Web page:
Vous êtes sur la page 1sur 7

# Nortons Theorm Example: Given the circuit shown below, obtain the Norton equivalent as viewed from terminals:

A-B

## After source transformations this becomes:

Applying KVL to the circuit -40 + 8i + 12 = 0 -> i = 3.5 A Hence Vth = 4i = 14V And IN = Vth/RN = 14 / 2 = 7 A Now find RN and IN between point c and d.

## Maximum Power Transfer

In many practical situations, a circuit is designed to provide power to a load. While for electric utilities, minimizing power losses in the process of transmission and distribution is critical for efciency and economic reasons, there are other applications in areas such as communications where it is desirable to maximize the power delivered to a load. We

now address the problem of delivering the maximum power to a load when given a system with known internal losses. It should be noted that this will result in signicant internal losses greater than or equal to the power delivered to the load. The Thevenin equivalent is useful in nding the maximum power a linear circuit can deliver to a load. We assume that we can adjust the load resistance RL . If the entire circuit is replaced by its Thevenin equivalent except for the load, as shown, the power delivered to the load is:

For a given circuit, V Th and R Th are xed. By varying the load resistance RL , the power delivered to the load varies as sketched at right. We notice from that the power is small for small or large values of RL but maximum for some value of RL between 0 and . We now want to show that this maximum power occurs when RL is equal to RTh . This is known as the maximum power theorem. Maximum power is transferred to the load when the load resistance equals the Thevenin resistance as seen from the load (RL = RTh ). To prove the maximum power transfer theorem, we differentiate p in the equation above with respect to RL and set the result equal to zero. We obtain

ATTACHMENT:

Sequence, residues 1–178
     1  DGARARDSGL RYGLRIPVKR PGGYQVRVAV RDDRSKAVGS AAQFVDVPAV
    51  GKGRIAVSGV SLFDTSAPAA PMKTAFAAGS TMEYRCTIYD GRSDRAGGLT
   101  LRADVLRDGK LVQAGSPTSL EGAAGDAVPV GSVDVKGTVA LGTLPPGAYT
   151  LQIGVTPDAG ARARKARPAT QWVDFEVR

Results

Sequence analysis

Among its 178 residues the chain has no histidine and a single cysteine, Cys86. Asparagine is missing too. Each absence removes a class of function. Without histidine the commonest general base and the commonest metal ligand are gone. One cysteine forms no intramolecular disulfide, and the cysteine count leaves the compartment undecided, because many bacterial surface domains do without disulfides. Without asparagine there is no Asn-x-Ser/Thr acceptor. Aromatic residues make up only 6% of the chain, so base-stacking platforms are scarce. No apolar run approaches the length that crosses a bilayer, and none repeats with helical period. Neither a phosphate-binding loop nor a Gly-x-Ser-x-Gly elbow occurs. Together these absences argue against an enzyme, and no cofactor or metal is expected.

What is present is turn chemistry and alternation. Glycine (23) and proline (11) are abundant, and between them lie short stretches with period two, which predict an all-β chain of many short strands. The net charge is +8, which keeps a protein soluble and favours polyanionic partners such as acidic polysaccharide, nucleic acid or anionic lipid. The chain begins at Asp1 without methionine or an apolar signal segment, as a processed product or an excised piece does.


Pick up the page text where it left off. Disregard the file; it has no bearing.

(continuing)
This implies that 0 = (RTh + RL 2RL ) = (RTh RL ) which yields RL = RTh showing that the maximum power transfer takes place when the load resistance RL equals the Thevenin resistance RTh . We can readily conrm that this gives the maximum power by showing that d2p / dRL2 < 0 The maximum power transferred is obtained by substituting RL = RTh into the equation for power, so that

This equation applies only when RL = RTh . When RL != RTh , we compute the power delivered to the load using the original equation.

Example: (a) For the circuit given, obtain the Thevenin equivalent at terminals a-b. (b) Calculate the current in RL = 8 (c) Find RL for maximum power (d) Determine that maximum power.

Find the value RL for maximum power transfer in the circuit shown below:

We need to nd the Thevenin resistance R Th and the Thevenin voltage V Th across the terminals a-b. To get R Th , we source transformations and obtain:

## Applying mesh analysis, 12 + 18i1 12i2 = 0, i2 = 2 A

Solving for i1 , we get i1 = 2/3. Applying KVL around the outer loop to get V Th across terminals a-b, we obtain 12 + 6i1 + 3i2 + 2(0) + V Th = 0 V Th = 22 V For maximum power transfer, RL = RTh = 9 Ohms and the maximum power is